The new XJ
Show a concept version of the new XJ. The re-bodied aluminium XJ has already been signed off by Ford and work on the early prototypes are already underway. An under-new-management Jaguar should roll out a concept version of the XJ, which was described by one person who saw the car in a market research clinic as ‘space age’. While the XF is a big leap forward, the XJ will cement the idea that Jaguar has finally broken away from 30 years of retro-conservatism.
The E-Type reborn
When Porsche came close to folding in the early 1990s, it showed the Boxster concept at the 1993 Detroit motor show. Rather like Jaguar, Porsche had seen its attempts to modernise (with the 944 and 928) fade badly while having difficulty re-inventing itself as the maker of anything but the 911. Jaguar is in a curiously similar position, which is why it needs to show a concept version of the more affordable roadster that is being planned. It would finally nail the four-decade long inability to replace the E-Type.
Does Jaguar need a technology partner? With new ownership secured, the problems aren’t all over. Although it can rely on a new generation of V8 engines and probably Ford’s diesels, it will need to find a supply of future Euro6-compliant engines. More importantly, the XF’s steel chassis will need to be replaced in five year’s time. Will a deal with Fiat Auto do the job? Fiat’s boss wants to buy the XF platform for Alfa Romeo, and why not the aluminium XJ and XK chassis for future Maseratis?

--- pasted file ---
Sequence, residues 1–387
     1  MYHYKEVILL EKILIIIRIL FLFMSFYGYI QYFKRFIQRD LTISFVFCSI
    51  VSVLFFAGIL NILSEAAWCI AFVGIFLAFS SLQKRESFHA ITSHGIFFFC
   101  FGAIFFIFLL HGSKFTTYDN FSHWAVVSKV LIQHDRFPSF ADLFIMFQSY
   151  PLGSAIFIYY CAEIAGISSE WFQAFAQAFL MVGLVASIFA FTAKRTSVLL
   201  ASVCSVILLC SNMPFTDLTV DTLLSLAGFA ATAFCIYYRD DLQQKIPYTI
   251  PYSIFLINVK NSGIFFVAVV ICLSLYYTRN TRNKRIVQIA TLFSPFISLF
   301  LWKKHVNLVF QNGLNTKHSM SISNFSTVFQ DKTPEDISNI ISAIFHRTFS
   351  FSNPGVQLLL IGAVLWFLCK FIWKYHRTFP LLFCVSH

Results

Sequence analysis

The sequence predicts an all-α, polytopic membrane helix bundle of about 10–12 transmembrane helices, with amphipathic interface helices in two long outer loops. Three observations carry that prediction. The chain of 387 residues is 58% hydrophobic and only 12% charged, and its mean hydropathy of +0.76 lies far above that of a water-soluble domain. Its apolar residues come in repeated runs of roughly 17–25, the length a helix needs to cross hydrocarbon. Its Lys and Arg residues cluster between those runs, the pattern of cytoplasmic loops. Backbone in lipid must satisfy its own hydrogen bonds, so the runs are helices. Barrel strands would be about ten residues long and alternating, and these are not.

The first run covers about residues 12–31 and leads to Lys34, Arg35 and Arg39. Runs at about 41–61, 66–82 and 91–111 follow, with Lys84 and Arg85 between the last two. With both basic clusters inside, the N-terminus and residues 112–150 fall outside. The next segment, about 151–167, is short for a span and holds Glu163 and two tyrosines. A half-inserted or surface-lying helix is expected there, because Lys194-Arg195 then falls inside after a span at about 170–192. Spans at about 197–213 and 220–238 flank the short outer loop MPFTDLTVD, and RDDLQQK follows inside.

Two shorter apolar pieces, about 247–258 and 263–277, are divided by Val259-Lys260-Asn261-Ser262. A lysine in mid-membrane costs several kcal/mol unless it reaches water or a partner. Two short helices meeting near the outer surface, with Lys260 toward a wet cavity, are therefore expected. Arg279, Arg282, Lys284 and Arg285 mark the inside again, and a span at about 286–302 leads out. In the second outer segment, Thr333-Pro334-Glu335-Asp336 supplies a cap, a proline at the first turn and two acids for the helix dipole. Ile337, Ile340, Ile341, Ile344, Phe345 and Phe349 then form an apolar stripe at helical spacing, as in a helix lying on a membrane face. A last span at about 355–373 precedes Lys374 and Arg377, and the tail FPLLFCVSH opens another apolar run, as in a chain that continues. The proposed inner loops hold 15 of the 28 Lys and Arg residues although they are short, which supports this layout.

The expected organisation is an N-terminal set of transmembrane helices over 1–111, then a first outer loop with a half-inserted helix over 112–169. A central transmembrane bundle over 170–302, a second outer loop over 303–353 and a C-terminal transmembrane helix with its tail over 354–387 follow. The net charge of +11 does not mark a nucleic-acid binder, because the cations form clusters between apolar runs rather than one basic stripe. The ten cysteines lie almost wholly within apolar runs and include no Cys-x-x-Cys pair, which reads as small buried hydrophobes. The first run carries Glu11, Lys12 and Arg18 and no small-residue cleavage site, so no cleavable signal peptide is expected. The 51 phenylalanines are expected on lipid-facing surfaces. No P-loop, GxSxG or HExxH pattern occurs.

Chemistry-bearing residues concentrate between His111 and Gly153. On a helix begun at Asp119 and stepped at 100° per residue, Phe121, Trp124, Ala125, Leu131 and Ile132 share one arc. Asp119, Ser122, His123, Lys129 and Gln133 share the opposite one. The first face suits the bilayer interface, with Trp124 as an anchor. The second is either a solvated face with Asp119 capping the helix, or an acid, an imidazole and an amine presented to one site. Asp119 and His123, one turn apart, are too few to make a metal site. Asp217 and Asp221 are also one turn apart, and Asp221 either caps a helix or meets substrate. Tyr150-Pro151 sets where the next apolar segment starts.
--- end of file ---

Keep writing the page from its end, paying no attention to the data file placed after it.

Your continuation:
Platform sharing is cheaper
If we view Jaguar-Land Rover as a single company, thought needs to be given to the current production situation. There are three factories, Halewood (which builds the Freelander and X-Type) Solihull (Range Rovers, Discovery, Defender) and Castle Bromwich (XJ, XK and XF). Does one of these sites need to go? What could happen in the future if there is a migration onto fewer platforms for the two brands or a switch away from using aluminium?
Race for reputation
Racing can seem an indulgence to the most hardheaded bean counters. And Jaguar’s most recent attempts – in F1 – have been a disaster. But Jaguar has a long history in motorsport and many within the company still see it as a great credibility prop. Perhaps the most sensible approach to competition would be to create an XK GT2 and XK GT3 and enter them against Porsche and Ferrari.
Tata buys Jaguar and Land RoverHistory of TataLand Rover: the futureJaguar: promise unfulfilledLand Rover: the world's most succesful 4x4 makerGeneva Show interview with Ratan TataGo to Chas Hallett's JLR blog